Spielberg resigns from Boy Scouts board

Oscar-winning producer and director Steven Spielberg announced Monday that he is stepping down from his position as an advisory board member of the Boy Scouts of America.

“The last few years in scouting have deeply saddened me to see the Boy Scouts of America actively and publicly participating in discrimination. It’s a real shame,” Spielberg said from a prepared statement.

“I thought the Boy Scouts stood for equal opportunity and I have consistently spoken out publicly and privately against intolerance and discrimination based on ethnic, religious, racial and sexual orientation.”

Spielberg did not specifically name which “intolerance and discrimination” he was referring to. In June, the Supreme Court ruled that the Boys Scouts’ national policy banning gay members and leaders is constitutional and would be allowed to continue.

The National Gay and Lesbian Task Force applauded Spielberg for his resignation.

“We’d like to thank Steven Spielberg for recognizing the bigotry that the Boy Scouts’ policy has been perpetuating,” said Elizabeth Toledo, the NGLTF executive director. “This issue won’t go away for the Boy Scouts. Through actions like these, they will be forced to revisit [their policies].”

The Boy Scouts also thanked Spielberg.

“We respect his decision to decline another term,” said Jef Reilly, the group’s national spokesperson. “Mr. Spielberg‘s been great for scouting and we appreciate his years of service and his devotion to scouting.”

Reilly defended the Boy Scouts’ stance against gays.

“We’re not discriminating against anyone,” he said. “It’s all about values, and [homosexuality] is not something that is conducive to our values and morals as a private organization. Some people call it discrimination, but really it goes back to values.

“Homosexuals are not proper role models for our organization.”

Spielberg, the director of The Color Purple, Schindler’s List and Saving Private Ryan, remains steadfast in his beliefs.

“Once scouting fully opens its doors to all who desire the same experience that so fully enriched me as a young person, I will be happy to reconsider a role on the advisory board,” he said.

Spielberg attained the rank of Eagle Scout, which less than 4 percent of all Boy Scouts ever achieve. Other notable Eagle Scouts include former president Gerald Ford, former Senators Bill Bradley, Sam Nunn and Lloyd Bensen, Olympian Willie Banks, and Pulitzer Prize-winning author Harris Salsbury.

Spielberg had been on the advisory board for about 10 years, according to his publicist, Marvin Levy.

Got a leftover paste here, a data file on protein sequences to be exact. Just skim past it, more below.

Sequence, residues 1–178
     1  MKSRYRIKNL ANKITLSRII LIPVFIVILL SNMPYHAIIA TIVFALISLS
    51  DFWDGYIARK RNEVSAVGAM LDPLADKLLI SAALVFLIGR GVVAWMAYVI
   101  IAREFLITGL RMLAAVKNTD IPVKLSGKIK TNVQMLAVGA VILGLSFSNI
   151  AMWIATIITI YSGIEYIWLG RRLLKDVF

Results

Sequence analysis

In related news, Universal Studios said Monday that it extended its international theatrical and worldwide home video distribution deal with Spielberg‘s DreamWorks SKG for five years. This after the expected arrangement with Warner Bros. didn’t materialize with the 6-year-old entertainment company.

DreamWorks will receive $250 million in the form of a loan and an advance against future revenue as part of the deal, sources reported. DreamWorks, which is approximately $1 billion in debt, will use the infusion to pay down its liabilities and for production financing.

When contacted, Universal officials declined to comment on the financial details of its deal.

Universal essentially matched an offer that Warner Bros. parent AOL Time Warner was prepared to make with the studio, which was formed in 1994 by Spielberg, Jeffrey Katzenberg and David Geffen. Although the Warner Bros. agreement was close to being finalized, there were sticking points, such as home video, that remained unresolved as of late last week.

The DreamWorks partners had been shopping their distribution deal since last year all over Hollywood, hoping that one of the major media companies would agree to take equity in their company. None of the parties, including Viacom-owned Paramount Pictures, Walt Disney Co. and News Corp.-owned 20th Century Fox, stepped up to the plate.

Heading into the weekend, Warner Bros. appeared to have the inside track. But, to the apparent surprise of Warner Bros. executives, lawyers for DreamWorks and Universal quietly hammered out a deal by late Sunday evening.

Before co-founding DreamWorks, Spielberg made some of his biggest hits for Universal, including Jaws and E.T. The Extra-Terrestrial.

Warner Bros. continues to have a strong relationship with DreamWorks, with which it is co-financing and distributing two movies: the Spielberg-directed A.I. starring Jude Law and Haley Joel Osment, which is due out June 29, and Time Machine, which is before the cameras.